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Featured Provider: Rebecca R. Laurent (gulfcoastgenerations)

Landscape-rebecca-laurent

Professional genealogist Rebecca R. Laurent (gulfcoastgenerations) is the owner of Gulf Coast Generations Family and Historical Research. She frequents the Clayton Library Center for Genealogical Research in Houston and is proficient in Creole de Colour research in southern Alabama. Her Biography + Photo = Unique Gift offering on Genlighten turns research into art.

1. How did you get started doing genealogy research?

This is an interesting question. I actually started when I was about 10 years old, giving my first genealogical interview to my grandparents. Though, I didn’t get far and since then the records have been lost. I would have to say I started in earnest in 2000 when I was pregnant with my first child. I realized then I did not know much of my husband’s family history. So, I started digging. Soon I found out he is a descendant of the Creole de Colour of Mobile. I’ve been working on that history ever since.

2. Do you have a genealogy superpower? If so, what is it?

Superpower? Well I don’t fly or anything like that. I guess I would have to say it’s perseverance. I LOVE the challenges that genealogy presents. I persist in finding the information needed, even if it’s not in typical ways. I don’t give up in finding out the answers to my questions.

3. Describe a challenging research problem you’re particularly proud of having solved.

Well I have one research problem that is just as persistent as I am. Bertélemi Lauren is the patriarch to my husband’s family line. It’s is almost as if this man did not exist. He is not found in birth records of the area, he is not in any census, and any records of his death are missing as well. So with Bertélemi, I had to find him through references to him. Through others’ land transactions, and baptisms, along with delinquent tax records I have been able to piece together the life of this elusive man. An intriguing life it was.

4. Tell us a favorite story about one of your ancestors.

Favorite story? Wow. I have so many—from surviving a hurricane tied to a Model T to a Confederate turncoat. There’re even rumors I’m a descended from the Welsh God Gwydyon (though I have not verified that one.) But, I would have to say my favorite story is of Justine Laurent. She was a Creole who had a long-time relationship with a white man named Daniel Juzan. After Daniel’s death she has to fight Daniel’s son-in law, a prominent citizen of Mobile, for her children’s willed inheritance. This is at a time when women, and colored women at that, we not seen nor heard. She had courage!

5. What’s the most interesting record source or repository you’ve utilized in your area?

I love the Clayton Library in Houston, TX. It is just 45 minutes from my house. From there I can receive LDS microfilms, research through their massive holdings, or use their many Internet sources. I also have a great library system here in Brazoria County. When I need items like books or even microfilm the librarians bend over backwards to get what is needed through the inter-library loans system.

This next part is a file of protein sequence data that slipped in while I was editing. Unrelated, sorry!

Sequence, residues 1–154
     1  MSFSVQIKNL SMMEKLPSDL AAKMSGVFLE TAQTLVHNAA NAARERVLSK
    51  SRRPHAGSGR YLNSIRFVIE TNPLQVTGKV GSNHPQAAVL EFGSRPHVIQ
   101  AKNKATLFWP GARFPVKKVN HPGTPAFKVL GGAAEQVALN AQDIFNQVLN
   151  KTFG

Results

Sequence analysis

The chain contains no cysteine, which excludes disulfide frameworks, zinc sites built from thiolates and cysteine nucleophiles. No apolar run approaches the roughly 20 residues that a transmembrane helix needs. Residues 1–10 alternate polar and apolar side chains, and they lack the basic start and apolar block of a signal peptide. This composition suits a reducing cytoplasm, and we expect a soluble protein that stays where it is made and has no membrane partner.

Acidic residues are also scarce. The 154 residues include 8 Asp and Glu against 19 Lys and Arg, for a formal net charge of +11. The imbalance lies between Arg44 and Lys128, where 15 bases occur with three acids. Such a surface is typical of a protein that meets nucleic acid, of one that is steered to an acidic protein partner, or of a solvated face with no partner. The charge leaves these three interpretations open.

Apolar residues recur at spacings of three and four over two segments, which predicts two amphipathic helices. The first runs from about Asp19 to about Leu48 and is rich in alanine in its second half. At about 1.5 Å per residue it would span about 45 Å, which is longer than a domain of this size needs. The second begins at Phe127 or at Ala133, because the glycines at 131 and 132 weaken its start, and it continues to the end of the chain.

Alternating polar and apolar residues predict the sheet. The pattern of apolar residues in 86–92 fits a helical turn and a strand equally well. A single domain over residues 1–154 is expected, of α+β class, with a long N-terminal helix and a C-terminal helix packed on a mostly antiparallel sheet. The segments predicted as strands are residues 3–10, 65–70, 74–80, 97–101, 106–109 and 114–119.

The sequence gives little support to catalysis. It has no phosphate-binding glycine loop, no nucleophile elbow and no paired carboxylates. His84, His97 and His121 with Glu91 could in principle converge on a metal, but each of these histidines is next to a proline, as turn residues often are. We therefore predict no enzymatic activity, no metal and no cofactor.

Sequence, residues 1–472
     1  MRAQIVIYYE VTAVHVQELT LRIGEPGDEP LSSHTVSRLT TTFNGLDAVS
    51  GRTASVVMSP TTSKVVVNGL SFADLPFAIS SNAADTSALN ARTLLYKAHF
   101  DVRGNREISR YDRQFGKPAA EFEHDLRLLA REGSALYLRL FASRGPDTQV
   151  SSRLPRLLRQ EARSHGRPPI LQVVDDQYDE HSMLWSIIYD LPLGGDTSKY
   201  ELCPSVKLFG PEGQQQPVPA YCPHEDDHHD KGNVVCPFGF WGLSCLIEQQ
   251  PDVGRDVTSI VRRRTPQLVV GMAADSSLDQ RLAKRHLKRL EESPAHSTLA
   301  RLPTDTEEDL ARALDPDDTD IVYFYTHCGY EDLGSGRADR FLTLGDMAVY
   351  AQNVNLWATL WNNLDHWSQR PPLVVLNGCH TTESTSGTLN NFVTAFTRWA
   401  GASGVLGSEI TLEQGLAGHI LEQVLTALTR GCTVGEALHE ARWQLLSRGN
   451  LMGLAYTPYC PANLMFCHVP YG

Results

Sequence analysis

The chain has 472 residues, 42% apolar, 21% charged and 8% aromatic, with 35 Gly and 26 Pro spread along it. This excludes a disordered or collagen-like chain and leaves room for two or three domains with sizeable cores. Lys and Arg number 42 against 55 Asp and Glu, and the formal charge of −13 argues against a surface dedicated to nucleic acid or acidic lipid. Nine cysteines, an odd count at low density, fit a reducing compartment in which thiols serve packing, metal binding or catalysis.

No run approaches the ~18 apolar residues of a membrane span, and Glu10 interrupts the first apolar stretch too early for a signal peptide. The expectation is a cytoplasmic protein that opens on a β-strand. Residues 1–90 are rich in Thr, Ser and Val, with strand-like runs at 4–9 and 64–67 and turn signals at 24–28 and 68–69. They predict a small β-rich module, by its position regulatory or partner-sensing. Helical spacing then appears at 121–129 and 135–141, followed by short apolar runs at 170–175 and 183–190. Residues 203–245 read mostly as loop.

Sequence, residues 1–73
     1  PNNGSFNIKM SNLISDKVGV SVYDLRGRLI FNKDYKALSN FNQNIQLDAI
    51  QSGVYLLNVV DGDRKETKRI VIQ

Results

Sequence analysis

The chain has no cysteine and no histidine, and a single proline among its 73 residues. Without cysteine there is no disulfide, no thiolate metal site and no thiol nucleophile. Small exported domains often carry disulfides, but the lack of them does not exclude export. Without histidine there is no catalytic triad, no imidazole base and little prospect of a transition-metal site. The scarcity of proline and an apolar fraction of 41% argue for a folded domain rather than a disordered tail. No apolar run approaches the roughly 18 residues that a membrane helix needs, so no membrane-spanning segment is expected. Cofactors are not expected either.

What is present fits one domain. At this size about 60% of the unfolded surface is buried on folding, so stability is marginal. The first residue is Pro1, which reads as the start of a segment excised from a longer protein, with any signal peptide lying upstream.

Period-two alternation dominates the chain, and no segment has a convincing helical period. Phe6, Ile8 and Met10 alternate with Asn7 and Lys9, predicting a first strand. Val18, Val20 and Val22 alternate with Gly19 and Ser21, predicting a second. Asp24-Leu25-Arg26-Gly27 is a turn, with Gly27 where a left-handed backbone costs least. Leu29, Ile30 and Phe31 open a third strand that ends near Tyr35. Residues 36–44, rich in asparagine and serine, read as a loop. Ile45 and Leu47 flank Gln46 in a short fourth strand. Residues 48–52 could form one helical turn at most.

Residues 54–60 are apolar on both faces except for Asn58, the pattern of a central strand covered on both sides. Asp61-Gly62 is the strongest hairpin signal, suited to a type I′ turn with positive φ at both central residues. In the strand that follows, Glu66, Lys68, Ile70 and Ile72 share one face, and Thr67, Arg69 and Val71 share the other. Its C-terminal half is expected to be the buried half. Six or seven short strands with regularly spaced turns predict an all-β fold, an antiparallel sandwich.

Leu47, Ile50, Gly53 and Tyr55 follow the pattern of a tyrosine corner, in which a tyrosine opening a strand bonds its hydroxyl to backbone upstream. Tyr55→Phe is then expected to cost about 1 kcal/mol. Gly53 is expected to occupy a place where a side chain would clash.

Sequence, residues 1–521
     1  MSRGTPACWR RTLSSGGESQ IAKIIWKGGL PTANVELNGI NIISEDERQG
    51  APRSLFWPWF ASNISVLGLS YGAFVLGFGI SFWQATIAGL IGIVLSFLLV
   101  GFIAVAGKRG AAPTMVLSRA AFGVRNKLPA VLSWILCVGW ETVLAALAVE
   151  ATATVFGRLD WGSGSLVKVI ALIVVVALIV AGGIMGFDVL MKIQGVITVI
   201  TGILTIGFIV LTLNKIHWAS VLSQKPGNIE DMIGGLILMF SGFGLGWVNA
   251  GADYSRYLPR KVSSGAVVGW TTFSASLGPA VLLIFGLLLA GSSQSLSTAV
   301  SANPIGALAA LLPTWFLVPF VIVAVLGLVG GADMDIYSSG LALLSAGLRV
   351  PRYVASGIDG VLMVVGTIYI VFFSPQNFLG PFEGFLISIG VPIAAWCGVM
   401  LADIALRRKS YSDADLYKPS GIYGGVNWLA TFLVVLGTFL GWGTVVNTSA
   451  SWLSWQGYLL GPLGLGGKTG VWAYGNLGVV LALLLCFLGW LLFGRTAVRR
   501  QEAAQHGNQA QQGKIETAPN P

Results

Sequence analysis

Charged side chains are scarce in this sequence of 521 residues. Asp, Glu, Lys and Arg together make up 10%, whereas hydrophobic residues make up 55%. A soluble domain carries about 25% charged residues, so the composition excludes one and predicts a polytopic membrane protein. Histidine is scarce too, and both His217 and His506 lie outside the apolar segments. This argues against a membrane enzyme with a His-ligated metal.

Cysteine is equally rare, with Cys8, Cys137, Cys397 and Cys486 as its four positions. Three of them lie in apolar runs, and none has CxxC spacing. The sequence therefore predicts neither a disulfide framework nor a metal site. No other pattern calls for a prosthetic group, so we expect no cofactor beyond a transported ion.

6. What tools do you use to create the reports/images that you provide to clients?

I use the program Family Tree Maker to maintain my research and documents in one location. As for reports I convert basic data provided from this program to a document file giving me the ability to customize fully-sourced reports. But with that said, I have several sources to create many different types of projects whether it is providing the typical genealogical report, an online tree for the client to watch grow, or preparing photographic images. I have the resources and know how to complete many different aspects of the genealogy field. 


7. What advice would you give to someone who is trying to break through a
brick wall?

This is such a wide open question. A brick wall can occur for many reasons, whether it is the lack of the data needed, or a lack of knowledge in the subject. But I would have to say, “Don’t give up!” Data is found and generated into usable sources everyday. Knowledge can be acquired, and don’t be afraid to ask for help. A second opinion or different view point can bust a case wide open.

8. What other passions do you pursue when you’re not at the archives doing research?

Passions? I don’t know that I would say all these are passions but first and foremost I am a wife and mother. That is why my genealogy career fits so well in my life. I am able to work around my husband’s schedule and I work from home giving me the ability to home-school our two children (not to mention dragging them to different locations from time to time). Other interests are my study of herbs as needed for the family and participating in the local chapter of Toastmasters (a public speaking club).

9. Anything else you’d like to share? I’m looking forward to the tremendous possibilities your site provides. Thank you.

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